I’ve done this with many sports teams that want to train in-season and it works very well.  Kettlebell swings are a great way to go to for in-season athletes, most notably for sports that inherently require a lot of running and jumping to play the game, because it is impact free.  The last thing a track and field athlete needs is more jumping and impact in the training room after a practice of jumping and impact!  They need to get generally stronger in the positions that will benefit them the most.  It just so happens that explosive hip hinging benefits pretty much everyone.  

Sticking with track and field, it is really easy to take a whole team, which includes distance runners, sprinters, throwers and jumpers and put them through a kettlebell workout as a group.  The first thing I have them do is find a kettlebell that fits their strength and a partner of equal strength.  Distance runners and younger guys would grab the lighter kettlebells, sprinters and jumpers the medium kettlebells and throwers would grab the heaviest bells.  Next you would line them up so no one is swinging at each other and tell partner one to grab the kettlebell and get ready.  Setting the clock for 10 minutes, you tell partner one they will do swings for 20 seconds, they will have 10 seconds to switch, and then partner two swings for 20 seconds, then switch again.  In the end, everyone gets 10 sets of 20 seconds.  Lots of volume and lots of practice for the whole group in 10 minutes.  

This method also gives the Strength and Conditioning coach a chance to clean up technique and generally give the group feedback.  For example, if after two minutes of swings you notice a large majority of the group is doing a poor job of keeping the kettlebell above their knees as it passes through their legs, you can stop the clock and teach.  A great way to give feedback and praise to someone who is doing it well, is to ask the student who is keeping the kettlebell in the right path to come in front and demonstrate for the entire group.  As they swing, the coach can point out what they are doing well, give some coaching cues, and ask the partners to watch for this and to coach each other when the clock starts up again.  

In this short span you’ve identified general movement flaws, provided an example of proper technique for the visual learners (while using a student model), gave verbal cues for the auditory learners, and taught the team what to look for so they can coach each other up instead of just you coaching everyone!  To read more about different kinds of learns read one of our old posts here.

If during the course of a season you spend one training day a week swinging kettlebells and using a coaching model where everyone is involved, you can improve strength, fitness, sport specific movement patterns, and team building.  As you can see, the benefits of using the swing for large groups in the Strength and Conditioning setting is valuable, and not just for improving physical qualities.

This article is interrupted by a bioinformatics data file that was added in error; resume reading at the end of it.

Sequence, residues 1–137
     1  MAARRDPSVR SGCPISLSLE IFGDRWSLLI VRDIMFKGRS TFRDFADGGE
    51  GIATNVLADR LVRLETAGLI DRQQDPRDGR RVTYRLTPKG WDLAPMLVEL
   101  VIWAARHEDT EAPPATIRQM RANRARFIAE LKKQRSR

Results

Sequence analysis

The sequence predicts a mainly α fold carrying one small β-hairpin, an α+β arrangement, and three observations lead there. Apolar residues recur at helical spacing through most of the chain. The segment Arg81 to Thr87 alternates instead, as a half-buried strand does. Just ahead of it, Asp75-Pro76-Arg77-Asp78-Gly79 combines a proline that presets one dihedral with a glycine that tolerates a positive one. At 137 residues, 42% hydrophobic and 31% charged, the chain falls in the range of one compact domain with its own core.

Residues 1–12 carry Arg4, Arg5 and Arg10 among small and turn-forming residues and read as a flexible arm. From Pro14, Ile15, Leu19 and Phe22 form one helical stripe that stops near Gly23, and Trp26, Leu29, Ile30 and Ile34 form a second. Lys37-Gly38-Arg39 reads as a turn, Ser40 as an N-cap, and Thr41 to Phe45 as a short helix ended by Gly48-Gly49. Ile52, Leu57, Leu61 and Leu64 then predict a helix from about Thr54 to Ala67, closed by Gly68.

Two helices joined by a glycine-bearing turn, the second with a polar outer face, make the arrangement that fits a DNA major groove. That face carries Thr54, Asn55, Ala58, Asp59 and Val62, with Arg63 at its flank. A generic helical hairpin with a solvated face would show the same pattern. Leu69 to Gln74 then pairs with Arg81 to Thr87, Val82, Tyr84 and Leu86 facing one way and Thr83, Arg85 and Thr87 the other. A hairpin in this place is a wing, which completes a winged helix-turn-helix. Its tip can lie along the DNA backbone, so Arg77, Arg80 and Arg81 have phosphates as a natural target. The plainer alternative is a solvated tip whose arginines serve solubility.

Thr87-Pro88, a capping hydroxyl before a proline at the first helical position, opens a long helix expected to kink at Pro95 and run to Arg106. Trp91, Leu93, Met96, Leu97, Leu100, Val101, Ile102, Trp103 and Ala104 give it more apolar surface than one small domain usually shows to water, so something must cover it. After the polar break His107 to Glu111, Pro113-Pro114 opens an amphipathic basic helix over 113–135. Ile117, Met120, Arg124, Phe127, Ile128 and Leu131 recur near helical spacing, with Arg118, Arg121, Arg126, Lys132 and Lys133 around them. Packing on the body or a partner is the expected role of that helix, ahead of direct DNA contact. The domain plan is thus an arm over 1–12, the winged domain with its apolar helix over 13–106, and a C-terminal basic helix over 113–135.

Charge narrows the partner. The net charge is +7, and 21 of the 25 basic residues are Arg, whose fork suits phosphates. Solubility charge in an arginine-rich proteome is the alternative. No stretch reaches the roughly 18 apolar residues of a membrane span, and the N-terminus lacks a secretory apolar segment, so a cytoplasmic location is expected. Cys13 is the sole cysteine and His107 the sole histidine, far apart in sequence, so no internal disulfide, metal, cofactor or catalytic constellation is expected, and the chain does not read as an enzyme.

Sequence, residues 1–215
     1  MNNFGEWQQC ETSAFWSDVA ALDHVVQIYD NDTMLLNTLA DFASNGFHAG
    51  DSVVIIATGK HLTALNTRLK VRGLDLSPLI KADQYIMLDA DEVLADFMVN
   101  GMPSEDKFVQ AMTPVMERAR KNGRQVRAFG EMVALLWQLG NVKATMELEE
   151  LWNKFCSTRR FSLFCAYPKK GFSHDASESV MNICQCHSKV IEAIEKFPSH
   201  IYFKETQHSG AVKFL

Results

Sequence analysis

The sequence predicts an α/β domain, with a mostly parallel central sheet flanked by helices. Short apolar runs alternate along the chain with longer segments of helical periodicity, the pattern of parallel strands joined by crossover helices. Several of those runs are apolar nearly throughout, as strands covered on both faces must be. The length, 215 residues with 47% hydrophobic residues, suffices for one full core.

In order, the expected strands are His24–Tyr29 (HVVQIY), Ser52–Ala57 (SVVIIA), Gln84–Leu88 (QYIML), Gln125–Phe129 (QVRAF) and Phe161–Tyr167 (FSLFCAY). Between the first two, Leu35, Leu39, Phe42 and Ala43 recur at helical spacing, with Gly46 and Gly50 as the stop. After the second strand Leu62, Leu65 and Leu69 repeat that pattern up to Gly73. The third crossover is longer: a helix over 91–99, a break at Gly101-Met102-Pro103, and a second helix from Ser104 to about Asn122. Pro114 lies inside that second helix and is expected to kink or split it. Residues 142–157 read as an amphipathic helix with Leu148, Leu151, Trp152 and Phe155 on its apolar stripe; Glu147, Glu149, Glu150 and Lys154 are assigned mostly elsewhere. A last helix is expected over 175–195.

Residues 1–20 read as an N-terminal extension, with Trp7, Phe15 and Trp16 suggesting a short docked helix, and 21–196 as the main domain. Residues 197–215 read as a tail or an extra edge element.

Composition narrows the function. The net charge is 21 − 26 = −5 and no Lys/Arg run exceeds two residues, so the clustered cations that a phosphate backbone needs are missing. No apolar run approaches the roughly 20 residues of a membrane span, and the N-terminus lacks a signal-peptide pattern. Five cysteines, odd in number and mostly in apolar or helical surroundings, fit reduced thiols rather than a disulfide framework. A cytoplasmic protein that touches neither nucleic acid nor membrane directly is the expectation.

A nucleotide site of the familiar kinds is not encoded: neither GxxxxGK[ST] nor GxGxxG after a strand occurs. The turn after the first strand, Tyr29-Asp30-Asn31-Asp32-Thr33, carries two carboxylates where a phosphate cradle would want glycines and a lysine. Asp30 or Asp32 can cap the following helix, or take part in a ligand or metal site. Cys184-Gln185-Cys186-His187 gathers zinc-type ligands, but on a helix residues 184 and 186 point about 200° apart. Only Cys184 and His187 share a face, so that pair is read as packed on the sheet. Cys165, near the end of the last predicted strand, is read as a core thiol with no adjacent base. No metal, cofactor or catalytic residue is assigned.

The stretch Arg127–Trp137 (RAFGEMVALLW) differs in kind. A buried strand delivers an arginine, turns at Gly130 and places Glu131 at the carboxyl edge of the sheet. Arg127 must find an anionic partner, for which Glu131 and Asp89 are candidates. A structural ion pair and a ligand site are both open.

In closing, the kettlebell swing is an excellent accessory exercising reaping a wide range of benefits for athletes when appropriately performed. Of all the low-impact options available to improve hip extensor strength and power the kettlebell swing should be at the top of everyone’s list. To be clear, the kettlebell swing should NOT replace plyometrics in a strength and conditioning setting, but instead be treated as an alternative option when in-season and as a way to decrease foot contacts/high impact exercise year-round without losing hip extensor power.

For more information about swings or other kettlebell exercises either visit the others posts on our blog OR consider attending one our of Certified Kettlebell Coach Seminars.

The Kettlebell Coaching Series: The Turkish Get-Up Part 3

We’re finally back… fresh off a CKI Level 1 Seminar. It’s about time we wrap up The Turkish Get-Up. We have already discussed how to perform and coach the Get-Up along with a variety of cuing tips and coaching drills (see our last 2 blogs here: Part 1 Part 2). Now we’re going to talk safety.
Logically, The Get-Up requires students to express a full range of shoulder flexion (among other things) on the kettlebell side. Well… this can get hairy for many as a limitation in shoulder flexion is common. We recommend evaluating shoulder flexion when possible before having a student perform overhead work. Many use the Function Movement Screen to determine whether or not overhead work is safe. While we like the idea in concept (of using the FMS), we are big proponents of directly measuring shoulder flexion.